The COVID-19 pandemic has altered but not fully interrupted the Head Start programs operated by Catholic Charities of the archdiocese: Classes are smaller now, limited to no more than 10 youngsters, while others watch remotely at home with their parents. Social distancing measures are enforced and youngsters over the age of two wear masks, changing shoes as they come in from play time outside. Students maintain a personal “learning bucket” of toys and school materials that only they touch. 

If any youngster or staff is found to have a high temperature — including their adult guardian dropping them off in the morning — they won’t be admitted to the campus until their temperature is normal. 

Special filtration equipment, UV lighting and cleaning supplies have been deployed, while janitorial staff wipe down high-touch areas and open the classroom windows for 10 minutes every two hours to ensure an exchange of fresh air, thought to reduce the risk of infection spread. Meals are now served inside the classrooms rather than a cafeteria. Hand sanitizer supplies can be found everywhere. 

“We make the best of it and stay happy while we maintain the teamwork to keep up the morale,” Brown said. “We know what we are here for, serving the parents and (the students).”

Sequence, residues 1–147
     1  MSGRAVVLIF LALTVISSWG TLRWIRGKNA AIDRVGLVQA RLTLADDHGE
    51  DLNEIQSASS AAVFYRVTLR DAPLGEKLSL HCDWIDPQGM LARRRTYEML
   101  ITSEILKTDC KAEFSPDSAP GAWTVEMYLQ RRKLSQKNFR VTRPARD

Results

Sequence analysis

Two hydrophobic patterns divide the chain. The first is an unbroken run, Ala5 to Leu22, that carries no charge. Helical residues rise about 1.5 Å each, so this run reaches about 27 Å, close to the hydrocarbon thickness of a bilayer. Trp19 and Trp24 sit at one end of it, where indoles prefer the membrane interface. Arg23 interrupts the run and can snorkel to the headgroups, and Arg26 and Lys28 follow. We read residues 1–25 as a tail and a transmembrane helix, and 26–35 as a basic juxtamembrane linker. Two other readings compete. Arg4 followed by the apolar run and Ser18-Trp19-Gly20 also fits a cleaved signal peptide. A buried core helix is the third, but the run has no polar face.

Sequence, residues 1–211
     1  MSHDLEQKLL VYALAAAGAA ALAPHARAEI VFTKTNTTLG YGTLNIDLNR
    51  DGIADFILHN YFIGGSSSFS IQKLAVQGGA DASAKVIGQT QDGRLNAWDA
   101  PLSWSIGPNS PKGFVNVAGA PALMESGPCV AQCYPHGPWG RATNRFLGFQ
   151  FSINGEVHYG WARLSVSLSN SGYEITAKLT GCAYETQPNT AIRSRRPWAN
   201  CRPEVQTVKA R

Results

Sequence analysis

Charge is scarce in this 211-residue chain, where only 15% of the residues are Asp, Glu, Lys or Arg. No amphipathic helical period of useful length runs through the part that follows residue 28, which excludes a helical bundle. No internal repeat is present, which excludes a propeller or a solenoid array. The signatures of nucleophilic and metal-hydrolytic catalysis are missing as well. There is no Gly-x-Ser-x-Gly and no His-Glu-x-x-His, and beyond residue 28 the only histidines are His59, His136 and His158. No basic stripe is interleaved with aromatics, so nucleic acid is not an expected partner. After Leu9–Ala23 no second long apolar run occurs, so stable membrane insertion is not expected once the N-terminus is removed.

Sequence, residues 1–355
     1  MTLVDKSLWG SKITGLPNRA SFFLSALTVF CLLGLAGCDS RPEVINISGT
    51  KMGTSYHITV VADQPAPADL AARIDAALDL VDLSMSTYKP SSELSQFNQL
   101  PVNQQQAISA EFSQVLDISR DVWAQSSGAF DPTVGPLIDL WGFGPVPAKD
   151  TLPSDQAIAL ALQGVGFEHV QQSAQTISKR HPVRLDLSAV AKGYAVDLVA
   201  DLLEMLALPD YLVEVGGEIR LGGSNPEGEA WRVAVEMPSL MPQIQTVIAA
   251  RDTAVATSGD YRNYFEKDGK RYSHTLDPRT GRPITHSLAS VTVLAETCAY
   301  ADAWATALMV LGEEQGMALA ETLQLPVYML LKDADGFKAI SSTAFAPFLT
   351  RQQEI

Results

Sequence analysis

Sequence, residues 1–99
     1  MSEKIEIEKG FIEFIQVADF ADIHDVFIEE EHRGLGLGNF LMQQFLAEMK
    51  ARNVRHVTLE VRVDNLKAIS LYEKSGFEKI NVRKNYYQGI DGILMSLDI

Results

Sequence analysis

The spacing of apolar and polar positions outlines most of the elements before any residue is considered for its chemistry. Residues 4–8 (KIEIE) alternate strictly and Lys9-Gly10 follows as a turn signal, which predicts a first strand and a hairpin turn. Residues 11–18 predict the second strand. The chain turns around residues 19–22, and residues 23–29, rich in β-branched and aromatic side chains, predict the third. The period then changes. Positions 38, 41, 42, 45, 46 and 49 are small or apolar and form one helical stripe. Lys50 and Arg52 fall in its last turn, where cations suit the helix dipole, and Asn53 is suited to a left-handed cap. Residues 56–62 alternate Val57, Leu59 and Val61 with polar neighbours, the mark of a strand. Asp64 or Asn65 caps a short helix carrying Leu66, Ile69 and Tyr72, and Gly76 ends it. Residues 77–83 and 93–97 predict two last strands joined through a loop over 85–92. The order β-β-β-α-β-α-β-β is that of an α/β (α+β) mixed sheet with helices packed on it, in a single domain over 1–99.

A staff person teaches while wearing personal protective gear at the Head Start and Early Head Start program at Holy Redeemer Church in Miami, one of six such programs throughout Miami-Dade County operating at reduced in-class capacity during the COVID-19 global pandemic.

Photographer: TOM TRACY | FC

A staff person teaches while wearing personal protective gear at the Head Start and Early Head Start program at Holy Redeemer Church in Miami, one of six such programs throughout Miami-Dade County operating at reduced in-class capacity during the COVID-19 global pandemic.

The Child Development programs of the Miami archdiocese are designed to provide a safe, healthy and nurturing environment for children from infancy to preschool age, with the goal of school readiness and comprehensive social services for the family, according to Peter Routsis-Arroyo, CEO of Catholic Charities. 

 

PRO-LIFE WORK